Viewers of this week’s gripping BBC crime drama, Shetland, would have recognised the familiar tones of one of the main characters standing out among the Scottish accents.

West Belfast actress  Claire Rafferty starred as Anna in the two-part series that was shown on prime time TV on Sunday and Monday evenings. Last October and November the busy Brooke actress, who now lives in England, was back home at the Lyric in Belfast playing Lady Macduff in Shakespeare’s Macbeth. She now hopes that the role in Shetland will propel her acting career to new heights.

Speaking to the Andersonstown News she explained how she landed the role as Anna in the BBC drama.

“I met the director and casting director last May and had a read of the script,” she recalled. “They were looking for anyone foreign to the islands as per Anna's character in the original book and were really taken with my Irish brogue.

“I went home that month to Belfast for my 30th birthday and had a big do in the house when I received a text from the casting director to say I got offered the part. What a birthday present!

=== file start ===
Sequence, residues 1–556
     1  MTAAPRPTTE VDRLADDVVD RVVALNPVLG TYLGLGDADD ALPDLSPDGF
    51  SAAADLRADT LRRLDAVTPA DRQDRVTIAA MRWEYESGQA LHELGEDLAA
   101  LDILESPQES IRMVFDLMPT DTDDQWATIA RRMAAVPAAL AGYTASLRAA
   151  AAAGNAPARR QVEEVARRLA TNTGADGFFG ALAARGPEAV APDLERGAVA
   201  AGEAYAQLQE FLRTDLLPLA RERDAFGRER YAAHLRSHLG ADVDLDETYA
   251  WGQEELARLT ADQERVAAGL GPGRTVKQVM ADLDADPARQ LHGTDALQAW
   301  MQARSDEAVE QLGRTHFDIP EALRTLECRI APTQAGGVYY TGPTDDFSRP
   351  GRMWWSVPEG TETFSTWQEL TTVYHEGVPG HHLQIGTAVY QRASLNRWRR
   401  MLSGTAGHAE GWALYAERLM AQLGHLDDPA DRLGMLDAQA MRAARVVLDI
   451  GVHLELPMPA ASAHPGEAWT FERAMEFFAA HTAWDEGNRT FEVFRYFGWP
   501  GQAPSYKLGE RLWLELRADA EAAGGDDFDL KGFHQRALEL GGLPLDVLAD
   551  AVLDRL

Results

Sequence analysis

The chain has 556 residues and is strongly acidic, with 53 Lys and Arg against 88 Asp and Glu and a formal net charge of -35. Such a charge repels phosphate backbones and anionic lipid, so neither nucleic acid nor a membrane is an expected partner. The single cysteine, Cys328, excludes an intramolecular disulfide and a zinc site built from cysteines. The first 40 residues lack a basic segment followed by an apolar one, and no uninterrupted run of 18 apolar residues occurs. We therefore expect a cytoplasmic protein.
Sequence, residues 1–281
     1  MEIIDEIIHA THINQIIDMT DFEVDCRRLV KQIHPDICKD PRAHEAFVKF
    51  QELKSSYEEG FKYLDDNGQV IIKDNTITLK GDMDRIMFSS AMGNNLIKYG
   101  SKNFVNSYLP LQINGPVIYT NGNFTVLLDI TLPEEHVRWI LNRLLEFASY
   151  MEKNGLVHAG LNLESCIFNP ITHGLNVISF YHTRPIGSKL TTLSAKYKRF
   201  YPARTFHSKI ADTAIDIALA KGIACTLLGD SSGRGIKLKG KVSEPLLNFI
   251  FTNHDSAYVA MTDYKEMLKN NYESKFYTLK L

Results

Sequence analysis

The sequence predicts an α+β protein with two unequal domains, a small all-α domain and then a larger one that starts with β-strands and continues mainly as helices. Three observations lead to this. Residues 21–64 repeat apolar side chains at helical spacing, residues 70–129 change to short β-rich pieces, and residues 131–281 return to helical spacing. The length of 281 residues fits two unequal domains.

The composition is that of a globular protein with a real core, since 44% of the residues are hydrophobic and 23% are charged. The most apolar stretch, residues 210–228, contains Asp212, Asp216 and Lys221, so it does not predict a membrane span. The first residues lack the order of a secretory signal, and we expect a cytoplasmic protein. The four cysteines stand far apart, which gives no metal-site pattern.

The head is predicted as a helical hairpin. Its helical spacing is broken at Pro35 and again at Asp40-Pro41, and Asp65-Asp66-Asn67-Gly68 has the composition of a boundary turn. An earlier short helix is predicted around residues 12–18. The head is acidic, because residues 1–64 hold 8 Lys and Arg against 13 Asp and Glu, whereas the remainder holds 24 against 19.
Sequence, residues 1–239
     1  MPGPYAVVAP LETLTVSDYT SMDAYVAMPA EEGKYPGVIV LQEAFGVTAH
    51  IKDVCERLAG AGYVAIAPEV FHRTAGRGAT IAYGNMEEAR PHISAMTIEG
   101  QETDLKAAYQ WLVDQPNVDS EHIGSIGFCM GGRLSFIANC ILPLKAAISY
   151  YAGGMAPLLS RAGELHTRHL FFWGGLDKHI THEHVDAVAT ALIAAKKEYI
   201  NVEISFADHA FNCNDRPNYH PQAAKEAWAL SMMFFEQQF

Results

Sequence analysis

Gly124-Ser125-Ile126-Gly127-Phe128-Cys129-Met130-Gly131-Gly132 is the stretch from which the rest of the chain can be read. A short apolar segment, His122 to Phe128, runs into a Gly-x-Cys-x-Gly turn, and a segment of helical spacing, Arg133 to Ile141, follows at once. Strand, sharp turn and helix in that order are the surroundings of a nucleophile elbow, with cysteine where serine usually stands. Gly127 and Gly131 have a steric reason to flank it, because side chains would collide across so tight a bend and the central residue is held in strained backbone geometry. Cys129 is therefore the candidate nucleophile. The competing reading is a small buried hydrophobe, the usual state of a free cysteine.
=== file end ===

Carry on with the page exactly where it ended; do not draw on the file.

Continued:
“My whole family were  there when I got the text so it was really special. It’s great for them to be able to share in it all. They have supported me for so long in pursuing acting – from my granny to my wee brother of 12.”

Claire says the shoot on the Shetland Islands was an experience she will never forget.

“The indoor shots were all in Glasgow and then all the other shots were on the stunning Shetland Islands,” she said. “The set was always a happy place when you had a backdrop like that.

“I did have to pinch myself a bit when I looked around at the calibre of actors working with me as well as the director Peter Hoar. Dougie Henshall was great to have as a partner in those difficult police cell scenes and I learned a lot from his whole attitude to acting. He's also a gentleman.

“All the cast and crew had a scream holed up in the barren landscape with very accommodating country pubs including ceilidh nights organised by the locals. It has a very Irish feel in more ways than one,” she laughed.